I, being an average student, never dreamt of such high institutions. But I do know people who get depressed as they couldn’t study in the college they wished for and so opted for another course or another college knowing they have to live a life full of adjustments! Hence, taking out the “free will” from their life!

Almost every foreign country has a system of considering their public at first position whatever comes. I do appreciate that. Similarly, if DU gives some allotted seats to the students from delhi would be no wrong. But the rest of the seats should be given to the deserving! I vote for the common entrance test system which gives equal opportunity for everyone.

Even if DU takes a public vote on their cut-off system, I am pretty much sure they’re going to get disappointed. Consider it as a request or an apprehension, kindly change such system. Give life to our education system and I assure we’ll get more number of Einstein’s and Obama’s!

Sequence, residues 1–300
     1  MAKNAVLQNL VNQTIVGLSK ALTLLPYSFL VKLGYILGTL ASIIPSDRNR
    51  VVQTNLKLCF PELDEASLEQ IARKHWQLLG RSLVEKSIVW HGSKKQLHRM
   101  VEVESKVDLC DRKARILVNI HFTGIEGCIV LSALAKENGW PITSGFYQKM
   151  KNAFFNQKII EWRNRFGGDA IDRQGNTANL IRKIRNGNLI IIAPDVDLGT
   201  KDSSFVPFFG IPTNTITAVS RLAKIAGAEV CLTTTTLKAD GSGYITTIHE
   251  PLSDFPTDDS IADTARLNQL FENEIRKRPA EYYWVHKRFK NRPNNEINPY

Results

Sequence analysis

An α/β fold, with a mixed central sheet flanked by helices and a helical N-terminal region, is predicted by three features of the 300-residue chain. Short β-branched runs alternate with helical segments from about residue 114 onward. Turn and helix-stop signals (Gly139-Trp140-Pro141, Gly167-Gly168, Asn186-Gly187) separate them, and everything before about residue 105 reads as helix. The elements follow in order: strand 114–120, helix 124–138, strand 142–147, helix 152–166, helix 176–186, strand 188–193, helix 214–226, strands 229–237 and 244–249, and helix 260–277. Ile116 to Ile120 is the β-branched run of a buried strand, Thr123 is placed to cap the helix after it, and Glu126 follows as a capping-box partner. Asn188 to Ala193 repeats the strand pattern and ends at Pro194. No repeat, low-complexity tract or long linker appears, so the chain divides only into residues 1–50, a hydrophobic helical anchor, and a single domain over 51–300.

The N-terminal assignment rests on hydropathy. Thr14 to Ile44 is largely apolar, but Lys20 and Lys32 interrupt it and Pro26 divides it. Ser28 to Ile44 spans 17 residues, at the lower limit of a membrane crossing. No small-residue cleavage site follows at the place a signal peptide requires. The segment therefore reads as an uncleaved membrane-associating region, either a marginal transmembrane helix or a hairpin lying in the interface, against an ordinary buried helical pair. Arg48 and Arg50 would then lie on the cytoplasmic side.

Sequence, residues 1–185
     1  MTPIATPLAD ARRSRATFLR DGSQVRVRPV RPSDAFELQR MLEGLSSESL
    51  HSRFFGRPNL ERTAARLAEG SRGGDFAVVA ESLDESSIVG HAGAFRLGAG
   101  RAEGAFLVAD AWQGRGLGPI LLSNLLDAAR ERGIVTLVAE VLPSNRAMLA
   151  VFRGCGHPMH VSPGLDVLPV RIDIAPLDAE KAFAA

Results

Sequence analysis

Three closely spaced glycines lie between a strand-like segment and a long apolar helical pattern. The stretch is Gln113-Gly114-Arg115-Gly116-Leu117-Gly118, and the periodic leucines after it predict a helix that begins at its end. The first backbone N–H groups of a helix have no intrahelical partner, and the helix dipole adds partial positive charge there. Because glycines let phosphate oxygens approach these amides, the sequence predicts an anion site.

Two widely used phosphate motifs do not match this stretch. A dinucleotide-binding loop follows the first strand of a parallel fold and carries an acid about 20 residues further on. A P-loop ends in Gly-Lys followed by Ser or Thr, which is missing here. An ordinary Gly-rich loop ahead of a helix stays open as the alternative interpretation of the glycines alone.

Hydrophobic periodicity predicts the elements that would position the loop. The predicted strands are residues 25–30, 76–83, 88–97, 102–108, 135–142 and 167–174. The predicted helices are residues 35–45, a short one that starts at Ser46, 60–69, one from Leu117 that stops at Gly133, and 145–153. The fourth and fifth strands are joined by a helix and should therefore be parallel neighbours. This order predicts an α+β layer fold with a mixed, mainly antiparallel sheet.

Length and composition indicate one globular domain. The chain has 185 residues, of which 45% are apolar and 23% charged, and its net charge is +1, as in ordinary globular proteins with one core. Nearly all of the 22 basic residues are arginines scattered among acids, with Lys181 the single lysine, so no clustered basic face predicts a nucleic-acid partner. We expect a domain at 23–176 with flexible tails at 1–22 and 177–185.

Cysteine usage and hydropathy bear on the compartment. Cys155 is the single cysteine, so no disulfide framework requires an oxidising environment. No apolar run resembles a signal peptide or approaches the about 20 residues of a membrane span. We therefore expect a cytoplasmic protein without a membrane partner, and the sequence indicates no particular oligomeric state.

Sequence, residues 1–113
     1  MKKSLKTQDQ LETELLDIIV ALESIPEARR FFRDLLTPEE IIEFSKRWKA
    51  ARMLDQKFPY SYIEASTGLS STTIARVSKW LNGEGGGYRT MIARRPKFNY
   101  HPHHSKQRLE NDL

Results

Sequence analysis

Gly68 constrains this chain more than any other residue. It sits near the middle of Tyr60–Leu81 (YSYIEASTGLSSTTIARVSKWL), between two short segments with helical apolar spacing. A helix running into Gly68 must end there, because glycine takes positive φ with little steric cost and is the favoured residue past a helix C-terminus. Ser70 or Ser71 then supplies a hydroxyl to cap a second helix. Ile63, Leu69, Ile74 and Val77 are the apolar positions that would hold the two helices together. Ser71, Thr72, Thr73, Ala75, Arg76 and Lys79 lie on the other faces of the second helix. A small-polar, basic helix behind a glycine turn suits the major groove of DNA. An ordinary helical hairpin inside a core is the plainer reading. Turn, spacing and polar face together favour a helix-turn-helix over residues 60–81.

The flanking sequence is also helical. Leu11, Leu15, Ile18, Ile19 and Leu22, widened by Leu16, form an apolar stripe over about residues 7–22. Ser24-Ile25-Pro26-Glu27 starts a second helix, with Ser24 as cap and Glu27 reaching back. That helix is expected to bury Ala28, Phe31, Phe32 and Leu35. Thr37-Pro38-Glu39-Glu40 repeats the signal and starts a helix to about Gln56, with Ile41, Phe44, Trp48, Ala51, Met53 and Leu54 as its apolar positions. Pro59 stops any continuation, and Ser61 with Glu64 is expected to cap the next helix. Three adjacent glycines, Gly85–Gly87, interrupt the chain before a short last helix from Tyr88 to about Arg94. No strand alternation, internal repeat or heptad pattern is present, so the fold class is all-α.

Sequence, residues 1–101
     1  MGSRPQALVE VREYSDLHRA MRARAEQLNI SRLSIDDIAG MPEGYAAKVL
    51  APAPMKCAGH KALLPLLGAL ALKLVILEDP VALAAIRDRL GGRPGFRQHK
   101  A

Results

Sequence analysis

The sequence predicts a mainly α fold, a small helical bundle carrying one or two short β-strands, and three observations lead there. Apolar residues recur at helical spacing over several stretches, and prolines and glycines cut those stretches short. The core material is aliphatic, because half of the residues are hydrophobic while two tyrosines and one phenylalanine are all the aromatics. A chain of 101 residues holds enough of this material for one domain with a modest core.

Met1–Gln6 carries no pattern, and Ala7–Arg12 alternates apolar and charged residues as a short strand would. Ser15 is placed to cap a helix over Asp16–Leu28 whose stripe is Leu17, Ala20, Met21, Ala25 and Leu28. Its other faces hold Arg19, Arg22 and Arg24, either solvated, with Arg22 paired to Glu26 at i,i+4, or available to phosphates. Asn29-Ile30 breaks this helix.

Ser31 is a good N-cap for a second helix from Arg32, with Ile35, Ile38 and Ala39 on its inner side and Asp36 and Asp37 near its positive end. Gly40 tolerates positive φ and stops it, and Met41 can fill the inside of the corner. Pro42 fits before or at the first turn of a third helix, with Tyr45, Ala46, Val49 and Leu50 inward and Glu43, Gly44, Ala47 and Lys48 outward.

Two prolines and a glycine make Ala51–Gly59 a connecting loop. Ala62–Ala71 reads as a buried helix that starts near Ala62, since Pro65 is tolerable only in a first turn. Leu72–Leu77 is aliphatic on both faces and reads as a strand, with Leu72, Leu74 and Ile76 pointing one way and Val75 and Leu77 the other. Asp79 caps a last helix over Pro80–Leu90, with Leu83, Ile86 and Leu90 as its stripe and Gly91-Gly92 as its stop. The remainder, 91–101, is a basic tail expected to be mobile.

Just give some time and think- Do we want to preserve the age old system of Cut – Offs or do we really want to give a chance to the students who actually deserve?

 

 

Contributed By: Justina Jose

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Everyone says Do what you love. I say try something arduous. Fulfilling your dreams gives you pleasure, but doing that along with actualizing the dreams of the people who created you, brings you heaven on earth. Pursuing M.Sc. in Biotechnology (My parents dream) along with writing (My dream), and constantly trying to improve my skills, I wish to soar higher. I love learning new things. A great lover of sleep. Always chooses to travel through the road not taken and explore the unturned stones. Loves to dance. An amateur writer and blogger. An ambivert by nature, strongly believes in peace and happiness.

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The Journey of #DoWhatYouLove by Wioleta Burdzy Seth

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Wioleta is an entrepreneur, trainer and life coach from Poland. She is the co-founder and chief operating officer of Human Circle. She delivers personal growth, leadership and skill development workshops and coaching to a diverse set of audience. Previously she was a specialist in human resource areas like training, recruitment and learning and development. She has worked in several multi-national companies like Statoil
and INDITEX.